marty nemko portrait Marty Nemko: Just Choose a Career Already!
alexandra levit portrait Alexandra Levit: New Job Preparedness Study Emphasizes the Importance of Integrity and Adaptability
lavie margolin avatar Lavie Margolin: Soon By Home? Managing a Work-Faith Issue
dana leavy-detrick portrait Dana Leavy-Detrick: Personal Websites For Job Seekers (And How To Create One)
dorlee michaeli portrait Dorlee Michaeli: Online Job Fairs: How to Succeed (Even If It’s Your 1st Time)
debra wheatman portrait Debra Wheatman: The One Thing You Need to Change
donna sweidan portrait Donna Sweidan: Focus on Career Trends: Bridging the Skills Gap Without Breaking the Bank
mark dyson portrait Mark Dyson: How to Use Your Blog for Today’s Job Search
julie walraven avatar Julie Walraven: What Limitations Are You Putting On Your Success?
alison green portrait Alison Green: my best employee quit on the spot because I wouldn’t let her go to her college graduation
mary elizabeth bradford portrait Mary Elizabeth Bradford: How Savvy C-Suite Executives Network
gayle howard portrait Gayle Howard: Your job search success: Commitment is critical
hannah morgan avatar Hannah Morgan: 43 Best Job Search Websites 2016
margaret buj portrait Margaret Buj: 4 Signs That A Company Is Not Right For You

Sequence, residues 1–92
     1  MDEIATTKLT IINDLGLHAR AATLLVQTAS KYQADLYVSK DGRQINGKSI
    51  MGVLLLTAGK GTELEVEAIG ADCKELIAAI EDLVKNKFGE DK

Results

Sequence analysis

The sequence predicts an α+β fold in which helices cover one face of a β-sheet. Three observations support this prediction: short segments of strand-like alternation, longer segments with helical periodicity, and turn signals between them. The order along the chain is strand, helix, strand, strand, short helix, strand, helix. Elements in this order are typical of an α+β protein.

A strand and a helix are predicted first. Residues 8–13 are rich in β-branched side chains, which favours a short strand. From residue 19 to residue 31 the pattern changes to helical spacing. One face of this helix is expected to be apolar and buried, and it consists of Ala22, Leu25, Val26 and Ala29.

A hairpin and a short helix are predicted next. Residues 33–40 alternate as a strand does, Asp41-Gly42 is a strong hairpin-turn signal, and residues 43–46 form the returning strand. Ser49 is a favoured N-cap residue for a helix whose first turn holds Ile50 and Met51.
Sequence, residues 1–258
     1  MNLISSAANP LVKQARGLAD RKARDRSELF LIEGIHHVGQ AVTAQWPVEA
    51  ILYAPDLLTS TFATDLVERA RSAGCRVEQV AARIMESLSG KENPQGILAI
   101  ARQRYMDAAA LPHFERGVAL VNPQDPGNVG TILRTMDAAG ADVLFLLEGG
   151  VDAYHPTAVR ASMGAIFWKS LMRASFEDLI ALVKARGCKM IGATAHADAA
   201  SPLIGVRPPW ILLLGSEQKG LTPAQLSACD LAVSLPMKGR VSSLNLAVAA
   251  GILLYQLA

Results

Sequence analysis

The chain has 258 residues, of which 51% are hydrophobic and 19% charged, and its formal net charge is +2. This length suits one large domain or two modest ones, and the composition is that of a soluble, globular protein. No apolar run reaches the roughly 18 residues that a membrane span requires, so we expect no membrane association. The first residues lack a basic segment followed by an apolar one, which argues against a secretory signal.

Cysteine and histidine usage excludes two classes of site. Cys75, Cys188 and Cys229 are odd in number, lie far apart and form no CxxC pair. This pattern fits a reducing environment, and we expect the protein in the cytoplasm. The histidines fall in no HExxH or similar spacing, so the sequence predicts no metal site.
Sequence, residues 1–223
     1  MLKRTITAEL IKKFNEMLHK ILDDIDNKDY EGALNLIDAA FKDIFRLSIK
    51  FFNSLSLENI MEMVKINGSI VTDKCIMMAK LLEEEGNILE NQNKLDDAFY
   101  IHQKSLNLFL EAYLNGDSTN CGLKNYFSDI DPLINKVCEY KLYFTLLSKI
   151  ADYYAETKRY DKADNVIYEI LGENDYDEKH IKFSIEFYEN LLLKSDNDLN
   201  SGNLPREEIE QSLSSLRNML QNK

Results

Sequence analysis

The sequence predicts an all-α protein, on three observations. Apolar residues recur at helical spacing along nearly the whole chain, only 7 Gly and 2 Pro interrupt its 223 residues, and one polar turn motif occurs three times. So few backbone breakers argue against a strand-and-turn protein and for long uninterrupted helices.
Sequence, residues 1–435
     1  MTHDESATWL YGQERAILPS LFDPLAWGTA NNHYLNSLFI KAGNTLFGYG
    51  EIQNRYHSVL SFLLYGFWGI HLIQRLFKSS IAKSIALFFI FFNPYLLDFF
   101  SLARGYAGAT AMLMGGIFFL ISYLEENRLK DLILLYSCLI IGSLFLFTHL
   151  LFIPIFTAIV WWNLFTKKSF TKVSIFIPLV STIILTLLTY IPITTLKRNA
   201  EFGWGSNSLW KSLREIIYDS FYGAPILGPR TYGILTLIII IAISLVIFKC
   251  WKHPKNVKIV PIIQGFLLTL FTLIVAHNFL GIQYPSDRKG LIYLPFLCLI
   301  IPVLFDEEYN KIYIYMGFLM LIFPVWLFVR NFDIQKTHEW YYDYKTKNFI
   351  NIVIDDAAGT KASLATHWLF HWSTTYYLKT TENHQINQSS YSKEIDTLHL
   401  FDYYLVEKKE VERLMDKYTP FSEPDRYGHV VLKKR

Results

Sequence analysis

jennifer gresham portrait Jennifer Gresham: 5 Strategies To Land Your Dream Job (Even If You Don’t Feel Qualified)
andrew rosen portrait Andrew Rosen: How to Write a Good LinkedIn Summary
johanna rothman portrait Johanna Rothman: Many More Than Five Tips to Combating Ageism in Hiring, Summary
marc miller portrait Marc Miller: Why Are You Not Being Found? Try Thinking Like a Recruiter

Don't let grammar errors ruin your job application!

Erin Kennedy Erin Kennedy: How to Craft an Eye-Catching Executive Resume Brand
jeremy schifeling portrait Jeremy Schifeling: The Only 4 Things On Linkedin That Matter
dana manciagli portrait Dana Manciagli: 5 common social media mistakes that could sabotage your job hunt
ibro palic portrait Ibro Palic: How to Answer: Why Are You Interested In this Position?
Penelope Trunk Penelope Trunk: Open letter to the guy who refuses to be the sole breadwinner
patricia edwards portrait Patricia Edwards: Hired or Not? Emotional Intelligence can make the difference
biron clark ortrait Biron Clark: How to Attract Recruiters on LinkedIn: 3 Quick Fixes and 3 Habits to Get Noticed
mac prichard portrait Mac Pritchard: Your Next Job Search Doesn’t Need to Be So Painful
brad waters portrait Brad Waters: 10 Ways to Uncover the Hidden Job Market